Have you ever wondered if sea kayaks can be taken out on rivers or if they are only suited for the ocean? There are some differences between sea kayaks and normal river kayaks. So it’s important to know what is safe to use before you launch yourself into the water.
Can You Use A Sea Kayak On A River?
Sea kayaks tend to be longer than river kayaks, and although they are excellent for paddling on the ocean, a lot of their advantages are lost when you take them out of the sea. While it can be done, it requires better handling and practice to stay steady in the water. However, it’s not unsafe to take a sea kayak onto a river.
What Makes Sea Kayaks Different To River Kayaks?
The biggest differences between a sea kayak and most river kayaks are that sea kayaks are longer and narrower. In addition, they have high rockers and sealed bulkheads, which is a significant advantage if you capsize, as the boat won’t sink when these are closed.
These kayaks are designed to handle waves very well. They rock with them rather than resisting them. And can cut through them much more effectively than standard kayaks can. So if you’re going through choppy waters, you might be tempted by the sea kayak. However, there are a few disadvantages too.
We’ll cover those next so you can weigh whether a sea kayak would suit you on a river.
What Are The Disadvantages Of Sea Kayaks In Rivers?
Sea kayaks are generally less stable on flat water because they are narrower. Even an experienced kayaker may struggle to keep a sea kayak steady when no waves are rocking it. And if you try and lean over the side, you’re pretty likely to capsize.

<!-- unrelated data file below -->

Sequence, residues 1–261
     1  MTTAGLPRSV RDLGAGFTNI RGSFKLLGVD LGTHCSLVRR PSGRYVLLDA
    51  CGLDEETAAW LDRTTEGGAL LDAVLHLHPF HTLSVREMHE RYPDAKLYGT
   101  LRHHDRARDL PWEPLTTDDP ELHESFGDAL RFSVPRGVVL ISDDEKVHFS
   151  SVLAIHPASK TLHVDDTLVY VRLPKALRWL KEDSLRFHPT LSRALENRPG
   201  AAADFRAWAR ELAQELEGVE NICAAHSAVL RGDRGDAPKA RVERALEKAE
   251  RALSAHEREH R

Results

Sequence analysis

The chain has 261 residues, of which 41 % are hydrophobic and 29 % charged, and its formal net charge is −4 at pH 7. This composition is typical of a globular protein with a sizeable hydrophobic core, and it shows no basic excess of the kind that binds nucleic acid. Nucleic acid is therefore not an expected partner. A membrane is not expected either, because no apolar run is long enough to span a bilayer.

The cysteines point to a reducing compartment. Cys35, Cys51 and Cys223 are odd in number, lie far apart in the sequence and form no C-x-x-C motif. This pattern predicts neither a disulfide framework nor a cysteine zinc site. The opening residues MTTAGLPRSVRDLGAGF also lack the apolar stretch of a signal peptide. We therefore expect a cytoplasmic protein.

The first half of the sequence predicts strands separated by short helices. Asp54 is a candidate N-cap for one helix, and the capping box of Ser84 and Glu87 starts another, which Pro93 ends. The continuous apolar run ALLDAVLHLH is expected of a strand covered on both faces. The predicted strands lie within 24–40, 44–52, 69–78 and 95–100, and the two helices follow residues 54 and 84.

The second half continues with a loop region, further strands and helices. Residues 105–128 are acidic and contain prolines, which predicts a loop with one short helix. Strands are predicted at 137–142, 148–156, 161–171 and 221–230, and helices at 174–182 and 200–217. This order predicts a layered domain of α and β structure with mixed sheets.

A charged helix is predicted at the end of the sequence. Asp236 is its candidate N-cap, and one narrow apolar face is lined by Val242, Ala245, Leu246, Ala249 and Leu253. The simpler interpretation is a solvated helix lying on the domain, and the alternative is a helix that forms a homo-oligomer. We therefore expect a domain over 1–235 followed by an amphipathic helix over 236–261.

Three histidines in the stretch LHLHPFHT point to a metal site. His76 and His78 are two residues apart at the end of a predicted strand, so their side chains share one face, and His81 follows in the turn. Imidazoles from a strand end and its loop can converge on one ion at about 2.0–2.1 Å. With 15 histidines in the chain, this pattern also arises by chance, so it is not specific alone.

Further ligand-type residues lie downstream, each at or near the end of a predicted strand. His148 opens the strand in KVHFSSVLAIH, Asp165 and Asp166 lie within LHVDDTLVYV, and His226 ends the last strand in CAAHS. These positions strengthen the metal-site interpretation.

While the boat may not go down thanks to the bulkheads, this is obviously not a good thing – and it’s best avoided if possible. You don’t want to be overturning into the water repeatedly, so bear the stability issue in mind if you’re taking a sea kayak onto a river.
You should also know that sea kayaks are harder to maneuver in tight spaces because of their length. For example, a sea kayak is usually over fourteen feet long, making it challenging to handle river rapids or sharp corners well.
It’s also worth noting that a sea kayak does not do well when it comes to turning. These boats were designed to be used in the open water, where turning is not a priority. As a result, they cut through water when directed in a straight line but struggle to rotate even a little way.
You should also note that sea kayaks can’t handle shallow water as well as some of the flat-bottomed river kayaks can. So always check that the river has enough depth for your craft, or you may find yourself running aground!
If you were planning on whitewater rafting in your sea kayak, you should probably reconsider.
Sea kayaks do best in deep, straight rivers with few rapids in them. This environment gives them an advantage edge in superb speed. However, narrow, winding or rough rivers will usually be too much for sea kayaks, even in the hands of experienced kayakers.
What Are The Differences Between River And Ocean Kayaking?
You may already know some of the challenges that you’ll face in rivers, but let’s briefly cover them so you can see the potential pitfalls of using a sea kayak outside the ocean.
River Kayaking Is About Steering
Ocean kayaking is a sport that requires you to use the paddle, and if you’re not used to kayaking on rivers, you might be startled by how much less physical strain it involves.